They were incorporated as a nonprofit last summer, but they had done shows prior to incorporation.

She said they're hoping to get into this year's Fringe, &#8220but we're kind of far down on the waiting list for this spring.”

&#8220Atomic Trash” is their fifth show as a group; all of which have been original productions.

The group is starting to flex its muscles as a nonprofit, says Jones, who serves as the company's president. They've even plunged into the scary, crowded world of fundraising.

&#8220We actually got a great, great turnout from that,” she says. &#8220We made about $1,000. You know, for a little company that's pretty good. That's a whole show for us, practically.”

They're working on grant applications now in hopes of raising even more money for future projects.

F-Sa May 12-13; F-Sa May 19-20; May 26-27 (Fridays at 7 p.m., Saturdays at 3 p.m.) Bryant-Lake Bowl, 810 W. Lake St. $12-$15. 859-8949,

Stars in bars

When the Nighthawks are described as a bar band, some folks might take offense. &#8220Bar band” has negative connotations of people onstage doing bad covers of good songs, and people offstage doing stupid things after drinking cheap liquor.

The Nighthawks have complete control of the first half of that equation: when they cover a song, they tend to choose blues tunes that will benefit from a rockin' kick in the pants or rock tunes yearning for their blues souls to be uncovered. They don't roll over the blues like some bands that enjoy striking the occasional azure pose (think of the likes of Aerosmith and the Rolling Stones); the Nighthawks make honest, raw blues infused with the power and stomp of roots rock ‘n' roll.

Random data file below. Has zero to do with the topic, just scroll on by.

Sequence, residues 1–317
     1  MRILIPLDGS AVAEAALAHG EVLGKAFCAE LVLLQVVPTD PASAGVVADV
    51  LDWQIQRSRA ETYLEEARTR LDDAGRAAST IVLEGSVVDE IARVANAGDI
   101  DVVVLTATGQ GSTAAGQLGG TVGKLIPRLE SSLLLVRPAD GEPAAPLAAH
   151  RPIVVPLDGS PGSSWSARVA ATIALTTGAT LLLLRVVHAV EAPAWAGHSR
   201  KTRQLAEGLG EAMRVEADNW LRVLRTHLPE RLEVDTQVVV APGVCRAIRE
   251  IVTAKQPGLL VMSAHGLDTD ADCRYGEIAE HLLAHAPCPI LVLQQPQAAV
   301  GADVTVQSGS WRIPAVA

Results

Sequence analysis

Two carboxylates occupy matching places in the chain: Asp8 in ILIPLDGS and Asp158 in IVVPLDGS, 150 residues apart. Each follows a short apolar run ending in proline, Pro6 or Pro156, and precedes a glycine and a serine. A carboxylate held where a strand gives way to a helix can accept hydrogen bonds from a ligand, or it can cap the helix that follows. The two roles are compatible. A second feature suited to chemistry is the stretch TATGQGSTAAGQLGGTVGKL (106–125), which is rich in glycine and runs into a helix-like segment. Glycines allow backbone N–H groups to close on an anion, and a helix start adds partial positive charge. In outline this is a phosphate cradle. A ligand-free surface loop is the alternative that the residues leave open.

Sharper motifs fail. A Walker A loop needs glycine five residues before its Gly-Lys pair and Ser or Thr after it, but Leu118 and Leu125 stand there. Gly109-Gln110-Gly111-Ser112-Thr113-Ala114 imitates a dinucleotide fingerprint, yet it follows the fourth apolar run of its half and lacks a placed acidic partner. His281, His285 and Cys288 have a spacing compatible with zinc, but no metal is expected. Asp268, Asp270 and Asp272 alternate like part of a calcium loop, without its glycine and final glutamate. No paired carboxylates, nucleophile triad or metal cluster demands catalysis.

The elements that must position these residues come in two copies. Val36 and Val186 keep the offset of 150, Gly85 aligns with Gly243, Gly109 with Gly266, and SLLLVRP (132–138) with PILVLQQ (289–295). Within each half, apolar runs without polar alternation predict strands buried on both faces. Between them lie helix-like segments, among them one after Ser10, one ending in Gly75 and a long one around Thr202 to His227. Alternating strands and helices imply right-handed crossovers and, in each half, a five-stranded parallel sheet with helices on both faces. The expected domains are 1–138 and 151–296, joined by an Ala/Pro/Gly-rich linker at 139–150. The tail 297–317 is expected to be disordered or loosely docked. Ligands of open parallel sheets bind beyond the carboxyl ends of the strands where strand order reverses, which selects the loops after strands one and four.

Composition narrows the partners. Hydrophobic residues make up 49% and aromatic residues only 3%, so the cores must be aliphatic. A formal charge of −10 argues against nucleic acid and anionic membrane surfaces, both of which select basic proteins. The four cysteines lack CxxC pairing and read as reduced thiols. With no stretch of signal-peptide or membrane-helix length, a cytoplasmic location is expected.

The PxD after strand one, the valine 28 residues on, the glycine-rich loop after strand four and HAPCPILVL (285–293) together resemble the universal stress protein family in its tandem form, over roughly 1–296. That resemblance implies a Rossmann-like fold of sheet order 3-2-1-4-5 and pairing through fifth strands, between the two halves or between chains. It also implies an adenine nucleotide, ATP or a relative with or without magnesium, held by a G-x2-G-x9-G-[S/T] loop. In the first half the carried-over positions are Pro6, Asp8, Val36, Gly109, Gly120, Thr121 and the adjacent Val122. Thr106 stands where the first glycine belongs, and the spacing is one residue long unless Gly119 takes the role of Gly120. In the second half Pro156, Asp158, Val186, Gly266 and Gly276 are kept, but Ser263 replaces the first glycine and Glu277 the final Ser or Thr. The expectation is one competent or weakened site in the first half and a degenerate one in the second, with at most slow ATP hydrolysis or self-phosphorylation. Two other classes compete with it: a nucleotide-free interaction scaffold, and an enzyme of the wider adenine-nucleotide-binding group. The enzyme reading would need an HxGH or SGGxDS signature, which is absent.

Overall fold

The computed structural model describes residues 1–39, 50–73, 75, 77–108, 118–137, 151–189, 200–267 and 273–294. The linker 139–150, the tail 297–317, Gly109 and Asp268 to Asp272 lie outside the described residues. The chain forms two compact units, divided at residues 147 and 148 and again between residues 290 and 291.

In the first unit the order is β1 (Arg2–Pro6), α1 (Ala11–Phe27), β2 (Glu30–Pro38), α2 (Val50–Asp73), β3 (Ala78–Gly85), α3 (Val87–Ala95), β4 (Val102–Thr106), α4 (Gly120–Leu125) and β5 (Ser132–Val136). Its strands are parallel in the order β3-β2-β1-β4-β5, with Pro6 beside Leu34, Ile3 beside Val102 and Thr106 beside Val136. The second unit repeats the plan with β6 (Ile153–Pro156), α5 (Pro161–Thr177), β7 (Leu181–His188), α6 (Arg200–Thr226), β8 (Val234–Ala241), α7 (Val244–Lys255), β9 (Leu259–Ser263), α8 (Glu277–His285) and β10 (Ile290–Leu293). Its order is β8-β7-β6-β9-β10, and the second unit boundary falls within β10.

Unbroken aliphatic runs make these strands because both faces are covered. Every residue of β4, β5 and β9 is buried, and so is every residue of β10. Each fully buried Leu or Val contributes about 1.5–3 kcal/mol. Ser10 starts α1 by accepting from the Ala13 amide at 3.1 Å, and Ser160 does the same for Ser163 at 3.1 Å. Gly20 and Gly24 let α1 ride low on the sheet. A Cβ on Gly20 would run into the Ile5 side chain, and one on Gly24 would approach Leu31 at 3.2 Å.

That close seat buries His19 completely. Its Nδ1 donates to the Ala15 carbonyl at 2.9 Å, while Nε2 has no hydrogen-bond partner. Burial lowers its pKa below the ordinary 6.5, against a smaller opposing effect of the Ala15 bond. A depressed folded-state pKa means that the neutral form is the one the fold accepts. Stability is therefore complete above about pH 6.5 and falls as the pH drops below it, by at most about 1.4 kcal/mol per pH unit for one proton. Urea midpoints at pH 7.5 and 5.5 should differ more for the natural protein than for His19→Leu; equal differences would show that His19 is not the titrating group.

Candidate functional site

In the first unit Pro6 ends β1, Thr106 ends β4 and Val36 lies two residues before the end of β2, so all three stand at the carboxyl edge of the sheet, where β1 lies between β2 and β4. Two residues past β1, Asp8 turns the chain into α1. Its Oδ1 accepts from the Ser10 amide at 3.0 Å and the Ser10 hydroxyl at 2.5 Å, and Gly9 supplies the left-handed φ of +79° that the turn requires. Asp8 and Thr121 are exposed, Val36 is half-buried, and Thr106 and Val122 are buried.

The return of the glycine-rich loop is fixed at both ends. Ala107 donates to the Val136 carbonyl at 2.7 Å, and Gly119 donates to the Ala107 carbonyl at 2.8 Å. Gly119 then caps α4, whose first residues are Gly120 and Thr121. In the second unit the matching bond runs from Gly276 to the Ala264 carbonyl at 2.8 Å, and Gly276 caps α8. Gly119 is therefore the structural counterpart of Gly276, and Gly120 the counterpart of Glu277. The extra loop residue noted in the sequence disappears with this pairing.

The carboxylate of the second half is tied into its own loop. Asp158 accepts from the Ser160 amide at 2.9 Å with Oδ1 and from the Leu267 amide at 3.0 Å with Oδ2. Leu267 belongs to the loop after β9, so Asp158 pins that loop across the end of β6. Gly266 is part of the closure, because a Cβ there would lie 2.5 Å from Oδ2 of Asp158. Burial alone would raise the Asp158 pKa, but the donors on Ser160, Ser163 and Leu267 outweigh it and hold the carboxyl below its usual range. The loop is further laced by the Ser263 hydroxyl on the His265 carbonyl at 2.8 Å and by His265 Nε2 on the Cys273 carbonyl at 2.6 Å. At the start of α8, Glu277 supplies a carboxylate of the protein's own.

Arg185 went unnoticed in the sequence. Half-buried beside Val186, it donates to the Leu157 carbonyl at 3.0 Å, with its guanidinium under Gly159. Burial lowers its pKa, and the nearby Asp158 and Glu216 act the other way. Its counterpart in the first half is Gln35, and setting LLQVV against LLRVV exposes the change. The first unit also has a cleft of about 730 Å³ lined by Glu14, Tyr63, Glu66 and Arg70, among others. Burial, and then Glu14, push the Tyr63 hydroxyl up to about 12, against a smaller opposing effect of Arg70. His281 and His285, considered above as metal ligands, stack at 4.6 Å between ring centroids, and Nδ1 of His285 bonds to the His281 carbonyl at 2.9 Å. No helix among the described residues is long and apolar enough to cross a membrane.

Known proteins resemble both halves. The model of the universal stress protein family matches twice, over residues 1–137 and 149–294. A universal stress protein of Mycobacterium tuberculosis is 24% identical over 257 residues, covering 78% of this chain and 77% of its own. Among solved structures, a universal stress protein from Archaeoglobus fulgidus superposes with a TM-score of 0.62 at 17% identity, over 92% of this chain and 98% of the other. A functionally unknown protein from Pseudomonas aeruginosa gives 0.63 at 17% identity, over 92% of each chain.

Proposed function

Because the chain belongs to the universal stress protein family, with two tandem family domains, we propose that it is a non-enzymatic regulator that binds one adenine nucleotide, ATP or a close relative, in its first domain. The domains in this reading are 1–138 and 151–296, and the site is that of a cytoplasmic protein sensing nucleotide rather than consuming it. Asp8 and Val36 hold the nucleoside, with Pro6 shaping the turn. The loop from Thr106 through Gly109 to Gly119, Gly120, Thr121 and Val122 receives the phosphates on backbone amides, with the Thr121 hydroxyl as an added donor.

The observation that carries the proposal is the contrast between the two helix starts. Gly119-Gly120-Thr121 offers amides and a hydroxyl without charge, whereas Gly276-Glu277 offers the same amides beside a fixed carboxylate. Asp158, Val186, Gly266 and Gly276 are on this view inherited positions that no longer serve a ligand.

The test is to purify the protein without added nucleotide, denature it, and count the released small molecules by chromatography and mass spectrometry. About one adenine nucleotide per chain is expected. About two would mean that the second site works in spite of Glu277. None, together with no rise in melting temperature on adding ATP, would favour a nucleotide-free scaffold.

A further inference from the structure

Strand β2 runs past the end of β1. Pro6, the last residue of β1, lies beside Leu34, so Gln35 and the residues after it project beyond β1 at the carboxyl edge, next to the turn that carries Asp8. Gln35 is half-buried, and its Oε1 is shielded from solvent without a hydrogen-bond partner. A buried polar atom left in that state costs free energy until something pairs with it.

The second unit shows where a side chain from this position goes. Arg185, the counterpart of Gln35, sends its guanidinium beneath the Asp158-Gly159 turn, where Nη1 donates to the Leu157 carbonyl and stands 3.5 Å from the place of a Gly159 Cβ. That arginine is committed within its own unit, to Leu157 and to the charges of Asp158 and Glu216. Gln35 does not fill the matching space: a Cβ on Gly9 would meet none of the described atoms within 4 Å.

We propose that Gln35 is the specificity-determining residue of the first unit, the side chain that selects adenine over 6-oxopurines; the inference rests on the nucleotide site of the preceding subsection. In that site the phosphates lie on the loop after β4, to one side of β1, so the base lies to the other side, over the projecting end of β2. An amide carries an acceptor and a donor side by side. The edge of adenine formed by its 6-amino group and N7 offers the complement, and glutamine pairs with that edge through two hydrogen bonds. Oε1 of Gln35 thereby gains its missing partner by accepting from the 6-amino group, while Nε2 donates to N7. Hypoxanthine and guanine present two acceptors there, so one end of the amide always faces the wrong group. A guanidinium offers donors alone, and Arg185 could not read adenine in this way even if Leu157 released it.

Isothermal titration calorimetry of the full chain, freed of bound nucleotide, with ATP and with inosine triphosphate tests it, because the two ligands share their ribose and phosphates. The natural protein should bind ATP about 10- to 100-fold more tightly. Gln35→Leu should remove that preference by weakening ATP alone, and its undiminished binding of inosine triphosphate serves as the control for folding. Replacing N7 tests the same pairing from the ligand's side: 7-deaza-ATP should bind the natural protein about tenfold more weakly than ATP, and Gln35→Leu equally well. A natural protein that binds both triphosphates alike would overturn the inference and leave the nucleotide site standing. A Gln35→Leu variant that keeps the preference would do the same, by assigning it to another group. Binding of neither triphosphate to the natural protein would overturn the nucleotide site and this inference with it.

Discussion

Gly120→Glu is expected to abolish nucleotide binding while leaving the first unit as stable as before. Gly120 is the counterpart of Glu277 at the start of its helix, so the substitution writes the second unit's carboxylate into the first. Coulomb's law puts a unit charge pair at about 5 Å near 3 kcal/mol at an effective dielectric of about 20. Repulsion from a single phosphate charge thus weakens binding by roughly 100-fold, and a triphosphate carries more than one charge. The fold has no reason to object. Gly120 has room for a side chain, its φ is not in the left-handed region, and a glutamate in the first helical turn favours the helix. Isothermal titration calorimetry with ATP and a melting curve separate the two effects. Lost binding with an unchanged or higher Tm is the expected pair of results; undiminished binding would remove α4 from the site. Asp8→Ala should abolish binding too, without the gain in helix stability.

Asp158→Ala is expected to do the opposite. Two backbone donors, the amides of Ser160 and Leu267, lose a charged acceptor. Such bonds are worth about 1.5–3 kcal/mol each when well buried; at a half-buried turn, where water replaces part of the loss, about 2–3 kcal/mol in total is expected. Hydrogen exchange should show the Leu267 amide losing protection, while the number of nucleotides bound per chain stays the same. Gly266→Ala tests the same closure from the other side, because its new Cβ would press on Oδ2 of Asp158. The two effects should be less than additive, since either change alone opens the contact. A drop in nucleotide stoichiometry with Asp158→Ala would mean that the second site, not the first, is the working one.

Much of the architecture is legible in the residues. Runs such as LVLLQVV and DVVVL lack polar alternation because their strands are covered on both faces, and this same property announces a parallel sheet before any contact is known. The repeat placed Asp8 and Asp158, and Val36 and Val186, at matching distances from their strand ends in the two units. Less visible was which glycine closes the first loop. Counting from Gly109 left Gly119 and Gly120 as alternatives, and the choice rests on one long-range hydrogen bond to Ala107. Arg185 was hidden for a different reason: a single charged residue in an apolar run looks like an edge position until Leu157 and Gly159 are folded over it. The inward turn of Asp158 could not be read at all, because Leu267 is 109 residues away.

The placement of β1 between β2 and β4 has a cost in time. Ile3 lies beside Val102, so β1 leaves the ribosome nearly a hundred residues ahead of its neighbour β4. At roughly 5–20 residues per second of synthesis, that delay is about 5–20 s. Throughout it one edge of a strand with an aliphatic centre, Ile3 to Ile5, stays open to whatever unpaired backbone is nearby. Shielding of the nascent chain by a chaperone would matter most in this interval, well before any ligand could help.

Vocalist-harpist Mark Wenner and guitarist Jimmy Thackery formed the group in Washington, D.C. way back in the early 1970s, but the acclaimed string-bender left the band in the late 1980s (Thackery's &#8220Empty Arms Motel” is a hard-driving blues-rock gem). Wenner carries on the fiery one-night-stand tradition in bars and clubs across the world .

F May 12, 9 p.m. Famous Dave's, 3001 Hennepin Ave. S. $5. 822-9900,


Alex Soth's series of photographs called &#8220Niagara” were taken at the famed honeymoon site with his 8 inch-by-10-inch camera. He captures the thunderous falls, of course, but he also allows us to see nude couples gazing openly at his lens, decrepit and anonymous motels, barren parking lots, and other visual vignettes of loneliness and love.

Soth's &#8220Niagara” is at the Weinstein Gallery, 908 W. 46th St., through May 27. Gallery hours are Tuesday through Saturday from noon to 5 p.m. You can call 822-1722 or to for more information.

Making it beautiful

&#8220Knock on the Sky” is an evening-length performance piece combining experimental jazz and blues with primordial movement, musical influenced by Japanese folk sounds and live video.

The work is a collaboration between bandleader and pianist Myra Melford, dancer-choreographer Dawn Akemi Saito, Austrian architect Michael Haberz, butoh dance master Oguri, bassist Stomu Takeishi and trumpeter Cuong Vu.

Melford combines her hometown Chicago blues with elements of Eastern European music and the sounds of India.

&#8220At once a dancer, a romantic and a savage suckerpuncher at the benchbeating all hell out of the piano and making it beautiful,” a reviewer in Coda magazine once wrote of Melford.

F-Sa May 12-13, 8 p.m. Walker Art Center, 1750 Hennepin Ave. S. $20. 375-7600,